PokerStars used to be best known for its multi-table tournament schedule and while players certainly still flock to Stars for tournaments, the poker room has also become known for its cycling of novelty cash games. Just a week after ending the two-year run of Power Up, PokerStars announced on Wednesday the launch of not one, but two new cash games: Deep Water and PokerStars Tempest.

Common genetics

The two games are very similar, siblings so-to-speak. In fact, they have more in common than they do differences.

Both games a Six-Handed No-Limit Hold’em. That’s about it as far as the “normal” portion of the games goes. Both Deep Water and Tempest use three blinds instead of two. As usual, there are the small and big blinds, but there is also an added “giant” blind, which is double the big blind.

Thus, blinds in a game, borrowing from PokerStars’ blog post for a moment, could be $0.25/$0.50/$1.00.

Each player also pays an ante every hand. That ante increases after every hand in which there was no showdown. In the blinds example above, the ante would start at $0.10 and go up by a dime whenever there is no showdown.

Deep Water

The differences between the two games largely revolve around stack sizes. In Deep Water, as the name might imply, is a deep stacked game. Players can buy-in to a Deep Water game for 50-150 giant blinds. Thus, in the example given above, a $0.25/$0.50/$1.00 game would have buy-ins of $50 to $150.

“Deep Water is a great opportunity to develop a new way of thinking about NLHE and the combination of three blinds, escalating antes and deep buy-in is sure to shake things up!” said Severin Rasset, the Managing Director at The Stars Group, in a blog post.

Tempest

Tempest, on the other hand, is an extremely short-stacked game. Buy-ins can only be 5-10 giant blinds, so a $5-$10 buy-in if we keep with the example we have been using.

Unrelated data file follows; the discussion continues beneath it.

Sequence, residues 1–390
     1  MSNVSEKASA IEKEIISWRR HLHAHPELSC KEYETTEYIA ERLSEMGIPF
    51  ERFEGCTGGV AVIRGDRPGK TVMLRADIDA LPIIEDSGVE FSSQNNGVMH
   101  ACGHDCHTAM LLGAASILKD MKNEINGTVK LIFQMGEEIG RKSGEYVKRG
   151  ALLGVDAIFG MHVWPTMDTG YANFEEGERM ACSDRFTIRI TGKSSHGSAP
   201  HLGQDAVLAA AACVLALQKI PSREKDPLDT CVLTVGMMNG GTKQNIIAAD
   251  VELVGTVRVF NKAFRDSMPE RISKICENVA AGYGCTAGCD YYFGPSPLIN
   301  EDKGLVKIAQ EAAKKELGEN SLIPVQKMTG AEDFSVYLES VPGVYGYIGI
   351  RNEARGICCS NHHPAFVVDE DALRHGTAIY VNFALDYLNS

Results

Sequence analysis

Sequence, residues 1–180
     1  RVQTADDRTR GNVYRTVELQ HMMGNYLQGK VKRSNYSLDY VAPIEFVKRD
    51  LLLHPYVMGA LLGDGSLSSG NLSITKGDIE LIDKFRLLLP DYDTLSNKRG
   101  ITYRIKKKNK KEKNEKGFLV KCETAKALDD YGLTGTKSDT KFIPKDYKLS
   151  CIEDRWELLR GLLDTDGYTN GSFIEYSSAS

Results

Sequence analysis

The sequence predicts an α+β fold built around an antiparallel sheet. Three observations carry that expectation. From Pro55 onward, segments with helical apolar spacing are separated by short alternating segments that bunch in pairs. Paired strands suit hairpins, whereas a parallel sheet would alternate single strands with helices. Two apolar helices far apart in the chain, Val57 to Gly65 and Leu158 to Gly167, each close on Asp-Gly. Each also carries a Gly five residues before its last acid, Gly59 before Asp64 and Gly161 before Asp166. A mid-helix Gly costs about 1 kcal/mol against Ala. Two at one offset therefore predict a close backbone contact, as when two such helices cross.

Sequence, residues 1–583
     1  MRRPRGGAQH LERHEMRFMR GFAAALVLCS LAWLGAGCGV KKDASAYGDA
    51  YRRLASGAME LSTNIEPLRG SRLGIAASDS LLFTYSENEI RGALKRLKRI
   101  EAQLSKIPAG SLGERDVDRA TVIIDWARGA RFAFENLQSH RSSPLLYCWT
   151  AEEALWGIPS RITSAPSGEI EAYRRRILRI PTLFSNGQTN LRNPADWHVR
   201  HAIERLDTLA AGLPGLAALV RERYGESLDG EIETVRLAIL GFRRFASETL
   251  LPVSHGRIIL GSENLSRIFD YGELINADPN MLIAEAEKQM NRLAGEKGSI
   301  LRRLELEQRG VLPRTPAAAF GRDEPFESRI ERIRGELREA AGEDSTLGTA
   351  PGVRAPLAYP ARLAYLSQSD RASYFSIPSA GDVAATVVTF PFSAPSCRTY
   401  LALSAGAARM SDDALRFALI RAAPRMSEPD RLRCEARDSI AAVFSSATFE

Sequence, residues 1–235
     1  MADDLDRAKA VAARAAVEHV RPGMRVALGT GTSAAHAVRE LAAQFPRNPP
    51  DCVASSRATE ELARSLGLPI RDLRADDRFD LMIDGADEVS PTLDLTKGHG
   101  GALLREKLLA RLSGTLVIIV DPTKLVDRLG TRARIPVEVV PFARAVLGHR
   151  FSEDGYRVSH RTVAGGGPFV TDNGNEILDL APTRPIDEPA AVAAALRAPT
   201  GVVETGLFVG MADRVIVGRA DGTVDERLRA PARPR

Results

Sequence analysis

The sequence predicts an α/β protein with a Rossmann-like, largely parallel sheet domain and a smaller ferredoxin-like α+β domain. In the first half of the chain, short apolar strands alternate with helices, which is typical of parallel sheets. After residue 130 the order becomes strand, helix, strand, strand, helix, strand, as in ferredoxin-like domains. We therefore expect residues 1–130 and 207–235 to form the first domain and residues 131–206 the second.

It is also – wait for it – an “all-in or fold” game. As that sounds, players can only make the decision to shove their chips all-in or fold. And of course, that decision would come pre-flop. The game sounds like it will be nuts, hence the name Tempest, but to keep it from getting too out of hand, there is an all-in cap equal to the maximum buy-in.

So we have one new game in Deep Water that allows players the “depth” to make moves and play some poker while dealing with a new twist and another that is just pure gambling.

PokerStars has tended to make changes in recent years to appeal to recreational players. Those changes lean toward faster games requiring less strategy. Tempest certainly fits that mold. The poker room acknowledged in its announcement that players don’t always like this and that’s why two new games were introduced.

“Of course, with their twists and turns, not every new game is right for everyone and one common piece of feedback we receive after a launch goes something like, ‘I just want to play No Limit Hold’em’,” wrote Rasset. “We want players to be excited every time they open PokerStars, and are committed to providing something for everyone. That’s why we’re thrilled to unveil not one but two new NLHE variants.”

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